Putting the funk back into photography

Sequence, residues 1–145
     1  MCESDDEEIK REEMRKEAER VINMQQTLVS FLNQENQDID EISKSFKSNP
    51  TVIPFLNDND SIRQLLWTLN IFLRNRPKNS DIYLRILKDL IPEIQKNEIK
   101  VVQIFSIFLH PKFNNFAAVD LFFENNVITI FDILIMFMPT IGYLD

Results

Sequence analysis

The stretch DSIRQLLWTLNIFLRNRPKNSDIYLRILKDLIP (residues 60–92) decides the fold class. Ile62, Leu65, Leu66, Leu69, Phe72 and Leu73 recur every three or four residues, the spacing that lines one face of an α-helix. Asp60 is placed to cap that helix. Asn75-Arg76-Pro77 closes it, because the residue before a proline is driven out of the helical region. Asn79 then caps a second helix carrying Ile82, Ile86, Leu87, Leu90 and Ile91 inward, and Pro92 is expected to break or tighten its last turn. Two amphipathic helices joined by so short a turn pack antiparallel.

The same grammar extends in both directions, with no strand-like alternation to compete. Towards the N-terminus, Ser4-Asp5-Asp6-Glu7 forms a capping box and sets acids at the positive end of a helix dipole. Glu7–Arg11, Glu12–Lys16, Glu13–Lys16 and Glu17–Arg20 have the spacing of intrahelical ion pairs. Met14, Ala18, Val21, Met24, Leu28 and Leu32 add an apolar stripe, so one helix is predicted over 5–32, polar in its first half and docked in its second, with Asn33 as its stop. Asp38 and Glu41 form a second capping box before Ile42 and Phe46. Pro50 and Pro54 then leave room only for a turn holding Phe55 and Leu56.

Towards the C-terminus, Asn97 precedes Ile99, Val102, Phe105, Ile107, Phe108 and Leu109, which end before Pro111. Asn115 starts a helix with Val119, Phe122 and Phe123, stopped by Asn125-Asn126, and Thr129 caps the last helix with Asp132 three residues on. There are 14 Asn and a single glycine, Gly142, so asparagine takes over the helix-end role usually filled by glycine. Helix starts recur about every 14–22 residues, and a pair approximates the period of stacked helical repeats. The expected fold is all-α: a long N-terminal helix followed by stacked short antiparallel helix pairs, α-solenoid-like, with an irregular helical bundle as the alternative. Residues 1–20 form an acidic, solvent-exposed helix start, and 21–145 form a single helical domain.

The exhibit “Waters,” a collection of photos by Scott Funk of Richmond, have saturated the decadent walls of the Daily Planet during the month of April.As a part-time photographer and a mortgage advisor, Funk is rediscovering his passion for photography after 30 years.Funk’s photos depict water in its various physical and emotional forms, adding a light and smooth style to the restaurant’s flavor.”Waters” consists of more than 20 photographs depicting both local and international scenes of water. “Water is everywhere,” Funk said.  “Our relationship with water is intimate. It is a personal relationship.”Funk got his start back in the ‘60s with a good friend and photographer, Mike Doward. Doward was doing “black and white chronicles of the hippies,” Funk said, in reference to his days spent on the West coast. Photographing the great American desert was also a specialty of Funk’s many years ago. “I wandered around the ghost towns photographing old buildings,” Funk said.Funk’s style has drastically changed from working with arid areas of the country, to photographing places where water is in abundance, he said.It wasn’t until eight years ago that Funk began retraining his artistic eye to create pieces of work that he hopes to sell, he said.After many years of work, Funk said that he spent some time analyzing a number of his pieces.He came to the realization that his artistic flow was taking him down rivers, through feet of snow, and into the ocean, he said. It wasn’t until looking over his photo entitled “The Drought of ’07,” in which no water is depicted, that Funk realized the connecting theme of water in all of his other work. “It was at that time that I started consciously using water,” Funk said.Funk’s photos in the Daily Planet are mostly from local scenes in Vermont, although a number are from New Orleans, the Florida Everglades and the Caribbean Sea, he said.A favorite of Funk’s is entitled Rain Blow, a tranquil scene of a rainbow above a whale surfacing for air. His wife came up with the title, Funk said.Although Funk chooses photography as his artistic medium, the prints are on canvas, creating an interesting texture. “The canvas is different,” senior Laurel Fensterstock said.  “It doesn’t look like a photo. It looks like a painting.”The Daily Planet, a “hush eatery, funky bar and chic solarium,” according to their website, provides an intimate atmosphere for the water-themed exhibit.”The art here is normally not still photos,” Daily Planet employee Sasha Dicuia said.  “A lot are paintings or other mixed mediums. If they are photos, they are not mounted on canvas like these. I personally like them.””I was able to relate to a lot of his work because they were very classic Vermont scenes,” senior David Purcell said.Yet, a few college students at the Daily Planet believed that the $500 price tag was a bit too expensive for a photograph.Funk seems to capture the essence of water in a transient way. “This isn’t our world, we’re going to leave it and a measure of who we are is what we leave in tact behind us,” he said.The exhibit will be on display at the Daily Planet until the end of April.